Kendal mintcake, a bête noir of dentists the country over! (In my teens I was in the same youth group as Dan Quiggin’s daughters, but even that is not enough reason to commend the stuff.)

… and fails to touch upon the area’s finest culinary confection, the remarkable Grasmere Gingerbread.

My kind of job!

Anyway, there’s now a trio of pivotal ‘northern’ performance pieces by Longfella on the web:

This is The Place

Up ‘ere

…and Reflecting On The Lakes

Give ’em a shot!

Postscript: For anyone interested in knowing why coincidences occur all the time, I’d recommend the book How Not To Be Wrong by Jordan Ellenberg. Not always the easiest of reads for the non-mathematical (despite what the review, below, states), but sufficiently textual to give anyone an insight (it also covers, among many other things, how to win the lottery and why all electoral systems seem to have a democratic deficit. See a review here for a better insight into the book).

A limerick a week #70

For every action …

… there is an equal and opposite reaction; aka Newton’s Third Law of Motion.

It comes as no surprise then, that in response to Donald Trump’s support of the so-called birthing movement that questioned Barack Obama’s true country of origin, a social media reaction has taken place due to the dubiety of Trump’s recent medical report.

The girthing movement as it is known gets its name from doubts over Trump’s recorded weight and height, but it’s greater concern will ultimately comprise the report’s mendacious support of his fitness for office.

No-one could ever accuse Trump of modesty or humblebragging (“I think I am, actually humble. I think I’m much more humble than you would understand.”), but his latest excursion into the realms of fantasy is a hoot, (“[I’m a] a very stable genius”).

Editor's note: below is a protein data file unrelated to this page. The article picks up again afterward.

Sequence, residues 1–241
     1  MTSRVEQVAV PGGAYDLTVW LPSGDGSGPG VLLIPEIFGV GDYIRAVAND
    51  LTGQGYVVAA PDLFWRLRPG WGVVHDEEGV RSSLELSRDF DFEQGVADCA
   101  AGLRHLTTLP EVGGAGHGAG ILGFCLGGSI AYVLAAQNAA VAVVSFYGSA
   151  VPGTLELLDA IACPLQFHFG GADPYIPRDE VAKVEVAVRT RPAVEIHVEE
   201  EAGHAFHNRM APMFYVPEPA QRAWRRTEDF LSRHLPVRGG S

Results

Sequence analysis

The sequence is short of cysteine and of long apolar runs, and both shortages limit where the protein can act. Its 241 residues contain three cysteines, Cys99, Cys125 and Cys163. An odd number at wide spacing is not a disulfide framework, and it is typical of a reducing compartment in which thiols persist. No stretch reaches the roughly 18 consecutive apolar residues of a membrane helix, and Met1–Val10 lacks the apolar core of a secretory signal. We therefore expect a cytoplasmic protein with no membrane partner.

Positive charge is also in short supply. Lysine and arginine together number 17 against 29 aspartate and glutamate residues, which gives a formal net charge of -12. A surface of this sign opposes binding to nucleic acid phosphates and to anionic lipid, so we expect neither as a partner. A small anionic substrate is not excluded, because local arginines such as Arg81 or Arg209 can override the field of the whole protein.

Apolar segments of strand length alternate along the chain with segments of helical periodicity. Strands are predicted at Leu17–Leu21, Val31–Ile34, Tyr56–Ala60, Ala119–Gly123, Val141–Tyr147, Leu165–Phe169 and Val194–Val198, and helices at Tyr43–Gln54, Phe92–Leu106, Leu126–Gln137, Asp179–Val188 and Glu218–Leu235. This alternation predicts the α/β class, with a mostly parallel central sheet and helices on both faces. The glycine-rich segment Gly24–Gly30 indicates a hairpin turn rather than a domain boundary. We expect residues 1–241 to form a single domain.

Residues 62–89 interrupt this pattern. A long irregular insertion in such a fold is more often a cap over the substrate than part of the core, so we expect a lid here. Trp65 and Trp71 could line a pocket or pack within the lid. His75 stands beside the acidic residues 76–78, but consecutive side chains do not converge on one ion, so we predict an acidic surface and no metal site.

Really? When he believes that “The concept of global warming was created by and for the Chinese to make U.S. manufacturing non-competitive”?

What an idiot!

And here’s my tuppence-worth for the week …

With veracity ever so sparse
‘The Donald’ continues his farce
And fantasy meets
Vainglorious tweets
That prove he’s a true genie-a**e

Quotes that made me laugh #31

I’m a couple of years off it in body, and hopefully many years off it in mind, but my sister’s recent 60th birthday got me looking into other folks’ reactions on hitting that age.

One article that I found in the Graun was written a few years ago by Ian Martin, one of the writers of The Thick Of It. His 60 thoughts about turning 60 provided three that I feel should be shared here, including one that made me laugh out loud …

The first, on the government of Cameron, Osborne et al: